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US will not allow Iran to build nuclear weapons, Cheney says

Vice President Dick Cheney warned Iran. Vice President Dick Cheney warned Iran.

LEESBURG, Va. - The United States and other nations will not allow Iran to obtain a nuclear weapon, Vice President Dick Cheney said yesterday.

"Our country, and the entire international community, cannot stand by as a terror-supporting state fulfills its grandest ambitions," Cheney said in a speech to the Washington Institute for Near East Studies.

He said Iran's efforts to pursue technology that would allow it to build a nuclear weapon are obvious and that "the regime continues to practice delay and deceit in an obvious effort to buy time."

If Iran continues on its current course, Cheney said the United States and other nations are "prepared to impose serious consequences."

"We will not allow Iran to have a nuclear weapon," he said.

Cheney's words seemed to only escalate the US rhetoric against Iran over the past several days, including President Bush's warning that a nuclear Iran could lead to "World War III."

Cheney said the ultimate goal of the Iranian leadership is to establish itself as the hegemonic force in the Middle East and undermine a free Shi'ite-majority Iraq as a rival for influence in the Muslim world.

Iran's government seeks "to keep Iraq in a state of weakness to ensure Baghdad does not pose a threat to Tehran," Cheney said.

While he was critical of that government and President Mahmoud Ahmadinejad, he offered praise and words of solidarity to the Iranian people. Iran "is a place of unlimited potential . . . and it has the right to be free of tyranny," Cheney said.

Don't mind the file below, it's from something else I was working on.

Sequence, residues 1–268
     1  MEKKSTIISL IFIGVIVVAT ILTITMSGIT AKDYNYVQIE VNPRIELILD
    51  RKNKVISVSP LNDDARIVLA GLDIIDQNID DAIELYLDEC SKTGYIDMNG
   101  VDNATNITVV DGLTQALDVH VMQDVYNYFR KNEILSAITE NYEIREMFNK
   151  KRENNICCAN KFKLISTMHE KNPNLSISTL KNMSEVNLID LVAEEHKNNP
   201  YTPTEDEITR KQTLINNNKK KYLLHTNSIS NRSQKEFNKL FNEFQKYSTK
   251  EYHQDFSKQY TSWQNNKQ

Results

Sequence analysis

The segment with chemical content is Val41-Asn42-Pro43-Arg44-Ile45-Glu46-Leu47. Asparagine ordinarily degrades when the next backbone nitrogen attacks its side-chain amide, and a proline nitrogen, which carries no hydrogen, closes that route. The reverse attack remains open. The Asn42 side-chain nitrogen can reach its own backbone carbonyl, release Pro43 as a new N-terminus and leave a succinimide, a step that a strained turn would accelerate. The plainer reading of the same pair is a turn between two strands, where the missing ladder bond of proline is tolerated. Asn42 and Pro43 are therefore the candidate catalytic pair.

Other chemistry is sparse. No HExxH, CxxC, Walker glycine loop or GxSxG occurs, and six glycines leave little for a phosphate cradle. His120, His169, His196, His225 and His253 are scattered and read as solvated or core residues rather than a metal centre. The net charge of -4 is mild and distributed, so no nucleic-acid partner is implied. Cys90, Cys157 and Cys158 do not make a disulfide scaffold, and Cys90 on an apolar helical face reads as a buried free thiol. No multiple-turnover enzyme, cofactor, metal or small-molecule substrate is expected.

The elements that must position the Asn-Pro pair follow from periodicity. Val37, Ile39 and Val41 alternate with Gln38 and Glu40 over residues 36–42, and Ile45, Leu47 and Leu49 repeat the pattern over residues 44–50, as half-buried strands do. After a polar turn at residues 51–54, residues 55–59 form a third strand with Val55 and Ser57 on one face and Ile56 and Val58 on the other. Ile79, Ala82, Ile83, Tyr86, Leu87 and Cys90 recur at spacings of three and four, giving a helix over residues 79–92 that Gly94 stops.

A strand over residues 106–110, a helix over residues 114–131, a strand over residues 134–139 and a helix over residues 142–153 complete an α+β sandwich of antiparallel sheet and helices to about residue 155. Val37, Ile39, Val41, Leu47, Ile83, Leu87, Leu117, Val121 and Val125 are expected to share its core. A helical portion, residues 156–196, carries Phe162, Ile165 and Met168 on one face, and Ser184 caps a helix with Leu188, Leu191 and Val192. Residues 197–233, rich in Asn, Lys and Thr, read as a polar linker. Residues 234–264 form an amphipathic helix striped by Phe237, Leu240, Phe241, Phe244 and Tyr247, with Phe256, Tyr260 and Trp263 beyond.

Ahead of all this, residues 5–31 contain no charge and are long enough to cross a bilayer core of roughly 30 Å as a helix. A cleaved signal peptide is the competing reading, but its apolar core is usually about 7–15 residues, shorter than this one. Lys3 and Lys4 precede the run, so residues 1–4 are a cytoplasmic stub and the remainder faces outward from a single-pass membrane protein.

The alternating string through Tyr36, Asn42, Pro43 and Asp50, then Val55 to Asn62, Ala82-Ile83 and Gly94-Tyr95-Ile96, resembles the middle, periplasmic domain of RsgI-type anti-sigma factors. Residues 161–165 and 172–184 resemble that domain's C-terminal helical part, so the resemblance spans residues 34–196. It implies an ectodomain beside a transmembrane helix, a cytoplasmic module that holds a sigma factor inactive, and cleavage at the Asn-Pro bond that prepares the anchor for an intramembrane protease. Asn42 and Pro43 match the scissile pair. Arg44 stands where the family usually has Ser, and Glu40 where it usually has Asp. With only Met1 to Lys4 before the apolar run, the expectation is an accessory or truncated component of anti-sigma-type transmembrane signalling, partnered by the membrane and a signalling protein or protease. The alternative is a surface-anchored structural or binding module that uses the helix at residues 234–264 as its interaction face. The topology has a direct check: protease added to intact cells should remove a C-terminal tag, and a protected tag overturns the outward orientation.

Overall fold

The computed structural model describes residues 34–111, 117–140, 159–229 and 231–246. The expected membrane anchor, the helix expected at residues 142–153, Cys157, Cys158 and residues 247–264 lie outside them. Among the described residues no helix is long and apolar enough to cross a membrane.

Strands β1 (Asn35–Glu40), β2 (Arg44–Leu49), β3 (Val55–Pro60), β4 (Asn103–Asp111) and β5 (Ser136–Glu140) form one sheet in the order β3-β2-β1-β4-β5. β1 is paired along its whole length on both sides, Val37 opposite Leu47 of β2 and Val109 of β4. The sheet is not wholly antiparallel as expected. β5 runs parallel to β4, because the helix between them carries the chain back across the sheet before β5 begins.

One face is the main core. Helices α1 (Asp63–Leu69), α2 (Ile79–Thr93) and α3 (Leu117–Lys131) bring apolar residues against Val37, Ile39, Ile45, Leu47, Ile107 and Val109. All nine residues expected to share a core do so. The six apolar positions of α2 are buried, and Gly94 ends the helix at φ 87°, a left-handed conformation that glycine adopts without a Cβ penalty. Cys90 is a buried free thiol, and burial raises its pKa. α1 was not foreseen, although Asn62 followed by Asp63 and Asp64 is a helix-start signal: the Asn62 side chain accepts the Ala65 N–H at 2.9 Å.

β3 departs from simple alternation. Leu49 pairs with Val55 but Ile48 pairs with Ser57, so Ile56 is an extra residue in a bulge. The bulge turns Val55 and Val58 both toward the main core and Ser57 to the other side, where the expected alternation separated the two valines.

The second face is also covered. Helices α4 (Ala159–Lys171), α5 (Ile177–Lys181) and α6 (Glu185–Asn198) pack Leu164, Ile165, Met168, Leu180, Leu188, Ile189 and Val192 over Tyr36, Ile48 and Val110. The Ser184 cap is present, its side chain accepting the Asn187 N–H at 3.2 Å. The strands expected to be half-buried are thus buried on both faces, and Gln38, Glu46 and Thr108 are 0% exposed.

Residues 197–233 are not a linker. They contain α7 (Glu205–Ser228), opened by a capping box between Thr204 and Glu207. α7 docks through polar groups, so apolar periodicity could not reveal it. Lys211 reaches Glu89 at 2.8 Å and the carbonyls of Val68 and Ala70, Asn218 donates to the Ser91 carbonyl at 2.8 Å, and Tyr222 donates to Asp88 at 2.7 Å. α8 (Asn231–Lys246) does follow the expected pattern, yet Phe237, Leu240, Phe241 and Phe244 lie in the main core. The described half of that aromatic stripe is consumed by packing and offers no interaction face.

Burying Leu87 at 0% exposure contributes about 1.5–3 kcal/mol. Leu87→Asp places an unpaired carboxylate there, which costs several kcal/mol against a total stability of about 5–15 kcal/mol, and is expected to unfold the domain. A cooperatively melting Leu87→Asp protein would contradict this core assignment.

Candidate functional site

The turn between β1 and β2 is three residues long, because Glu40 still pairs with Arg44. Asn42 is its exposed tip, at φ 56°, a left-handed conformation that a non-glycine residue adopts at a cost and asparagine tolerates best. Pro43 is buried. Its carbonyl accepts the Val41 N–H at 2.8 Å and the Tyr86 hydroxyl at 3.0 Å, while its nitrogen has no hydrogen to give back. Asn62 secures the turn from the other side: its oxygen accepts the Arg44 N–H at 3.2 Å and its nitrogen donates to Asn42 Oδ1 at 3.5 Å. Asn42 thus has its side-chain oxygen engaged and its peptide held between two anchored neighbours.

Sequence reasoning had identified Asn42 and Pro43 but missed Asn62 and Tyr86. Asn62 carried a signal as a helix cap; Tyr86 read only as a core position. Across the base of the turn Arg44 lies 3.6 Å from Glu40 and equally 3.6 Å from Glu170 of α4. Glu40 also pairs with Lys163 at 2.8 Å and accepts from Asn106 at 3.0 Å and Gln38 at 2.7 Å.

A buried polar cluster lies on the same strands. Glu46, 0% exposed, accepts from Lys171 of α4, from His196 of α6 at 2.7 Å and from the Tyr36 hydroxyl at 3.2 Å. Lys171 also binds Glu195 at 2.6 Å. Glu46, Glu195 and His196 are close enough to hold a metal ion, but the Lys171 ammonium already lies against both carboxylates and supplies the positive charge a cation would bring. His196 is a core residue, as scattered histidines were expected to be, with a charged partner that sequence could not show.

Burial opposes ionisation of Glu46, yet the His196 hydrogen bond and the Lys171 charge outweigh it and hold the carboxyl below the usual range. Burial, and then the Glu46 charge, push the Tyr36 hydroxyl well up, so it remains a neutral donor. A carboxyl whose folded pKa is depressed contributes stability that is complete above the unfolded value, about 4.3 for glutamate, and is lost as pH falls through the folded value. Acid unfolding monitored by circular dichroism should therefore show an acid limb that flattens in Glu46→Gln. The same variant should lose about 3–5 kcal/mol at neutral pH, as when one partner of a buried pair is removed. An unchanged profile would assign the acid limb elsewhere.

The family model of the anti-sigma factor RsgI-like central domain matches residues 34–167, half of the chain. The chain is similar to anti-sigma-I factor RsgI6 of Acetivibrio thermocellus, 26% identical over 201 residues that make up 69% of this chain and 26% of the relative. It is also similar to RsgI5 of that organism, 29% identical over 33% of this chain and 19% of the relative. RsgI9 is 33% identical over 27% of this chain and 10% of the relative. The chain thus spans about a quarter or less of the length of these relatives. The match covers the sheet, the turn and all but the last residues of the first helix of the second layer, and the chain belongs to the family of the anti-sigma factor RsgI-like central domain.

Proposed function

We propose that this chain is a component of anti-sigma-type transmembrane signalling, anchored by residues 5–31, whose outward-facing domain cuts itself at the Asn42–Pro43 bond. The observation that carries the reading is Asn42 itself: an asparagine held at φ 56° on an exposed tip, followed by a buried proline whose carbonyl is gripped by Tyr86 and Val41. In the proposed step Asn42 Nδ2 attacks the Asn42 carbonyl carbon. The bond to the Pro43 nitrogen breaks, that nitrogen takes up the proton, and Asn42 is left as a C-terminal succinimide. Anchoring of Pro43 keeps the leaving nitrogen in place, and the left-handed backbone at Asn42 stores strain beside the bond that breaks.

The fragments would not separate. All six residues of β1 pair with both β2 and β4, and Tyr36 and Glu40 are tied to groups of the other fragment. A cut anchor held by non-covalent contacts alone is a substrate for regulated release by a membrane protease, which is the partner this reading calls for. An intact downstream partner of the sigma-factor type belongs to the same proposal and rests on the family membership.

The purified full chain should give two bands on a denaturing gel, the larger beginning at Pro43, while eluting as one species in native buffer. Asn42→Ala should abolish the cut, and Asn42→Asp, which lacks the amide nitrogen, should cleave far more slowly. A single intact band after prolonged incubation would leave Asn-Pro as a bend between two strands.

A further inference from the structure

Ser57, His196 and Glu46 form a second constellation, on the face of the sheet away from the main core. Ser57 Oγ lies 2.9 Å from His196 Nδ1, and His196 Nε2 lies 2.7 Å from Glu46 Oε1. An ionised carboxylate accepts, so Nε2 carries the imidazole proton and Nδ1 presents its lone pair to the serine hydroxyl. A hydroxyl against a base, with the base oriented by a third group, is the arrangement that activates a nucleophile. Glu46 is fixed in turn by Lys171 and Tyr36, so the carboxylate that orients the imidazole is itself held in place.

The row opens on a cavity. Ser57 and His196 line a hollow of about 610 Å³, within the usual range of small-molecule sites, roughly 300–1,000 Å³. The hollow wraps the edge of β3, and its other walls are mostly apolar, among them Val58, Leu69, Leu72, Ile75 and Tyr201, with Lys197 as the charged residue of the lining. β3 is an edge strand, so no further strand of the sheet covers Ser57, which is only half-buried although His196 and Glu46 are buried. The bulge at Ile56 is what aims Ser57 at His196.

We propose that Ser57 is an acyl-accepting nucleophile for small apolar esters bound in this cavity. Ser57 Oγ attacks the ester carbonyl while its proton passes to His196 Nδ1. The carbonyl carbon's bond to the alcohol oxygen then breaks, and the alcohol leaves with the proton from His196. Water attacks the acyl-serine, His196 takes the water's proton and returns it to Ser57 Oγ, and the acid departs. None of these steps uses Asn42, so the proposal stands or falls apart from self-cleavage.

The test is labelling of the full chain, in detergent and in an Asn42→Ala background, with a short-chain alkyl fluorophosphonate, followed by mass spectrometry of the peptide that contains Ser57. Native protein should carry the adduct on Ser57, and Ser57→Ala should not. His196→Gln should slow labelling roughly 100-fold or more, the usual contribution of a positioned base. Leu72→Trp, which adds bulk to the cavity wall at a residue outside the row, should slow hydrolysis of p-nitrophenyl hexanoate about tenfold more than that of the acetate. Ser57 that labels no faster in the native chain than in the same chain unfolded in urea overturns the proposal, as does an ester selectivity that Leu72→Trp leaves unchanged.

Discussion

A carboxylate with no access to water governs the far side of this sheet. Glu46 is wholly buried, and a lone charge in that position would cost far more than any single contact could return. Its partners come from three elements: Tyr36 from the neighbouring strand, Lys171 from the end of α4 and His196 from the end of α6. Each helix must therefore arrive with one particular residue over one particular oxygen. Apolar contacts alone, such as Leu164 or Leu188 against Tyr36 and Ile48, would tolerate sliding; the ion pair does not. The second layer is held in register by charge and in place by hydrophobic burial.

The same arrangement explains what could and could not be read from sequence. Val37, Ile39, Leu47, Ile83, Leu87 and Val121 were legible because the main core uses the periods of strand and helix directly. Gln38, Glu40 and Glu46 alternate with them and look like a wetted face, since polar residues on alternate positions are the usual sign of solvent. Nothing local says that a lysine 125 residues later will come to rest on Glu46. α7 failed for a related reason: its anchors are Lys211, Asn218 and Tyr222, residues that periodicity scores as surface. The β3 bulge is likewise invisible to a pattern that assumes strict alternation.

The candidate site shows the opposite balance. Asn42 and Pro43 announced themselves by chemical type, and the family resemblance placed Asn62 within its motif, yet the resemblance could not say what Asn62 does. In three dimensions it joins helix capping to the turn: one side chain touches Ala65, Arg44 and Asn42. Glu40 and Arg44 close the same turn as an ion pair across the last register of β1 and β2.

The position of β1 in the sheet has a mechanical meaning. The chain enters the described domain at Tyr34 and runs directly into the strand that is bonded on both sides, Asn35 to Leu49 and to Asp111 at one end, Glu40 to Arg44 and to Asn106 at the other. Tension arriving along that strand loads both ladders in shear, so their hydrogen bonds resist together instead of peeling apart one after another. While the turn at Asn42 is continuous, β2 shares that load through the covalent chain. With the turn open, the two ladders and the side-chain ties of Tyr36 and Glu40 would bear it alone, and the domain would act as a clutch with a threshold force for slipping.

Cheney accused Iran of having a direct role in the deaths of US soldiers in Iraq and said the government has "solidified its grip on the country" since coming to power in 1979.

The United States and some allies accuse Iran of secretly trying to develop nuclear weapons and have demanded it halt uranium enrichment, an important step in the production of atomic weapons. Iran, an oil-producing nation, says its program is for peaceful purposes, including generating electricity.

At a press conference Wednesday, Bush suggested that if Iran obtained nuclear weapons, it could lead to a new world war.

"I've told people that if you're interested in avoiding World War III, it seems like you ought to be interested in preventing them [Iran] from having the knowledge necessary to make a nuclear weapon," Bush said.

Bush's spokeswoman later said the president was not making any war plans but rather "a rhetorical point." On Thursday, the top officer in the US military said the United States has the resources to attack Iran if needed despite the strains of wars in Iraq and Afghanistan.

Navy Admiral Michael Mullen, chairman of the Joint Chiefs of Staff, said striking Iran is a last resort, and the focus is now on diplomacy to stem Iran's nuclear ambitions, but "there is more than enough reserve to respond" militarily if need be.

Last month the Senate approved a resolution urging the State Department to label Iran's Islamic Revolutionary Guard Corps a terrorist organization. Senator Jim Webb, Democrat of Virginia, said he feared the measure could be interpreted as authorizing a military strike in Iran, calling it Cheney's "fondest pipe dream."

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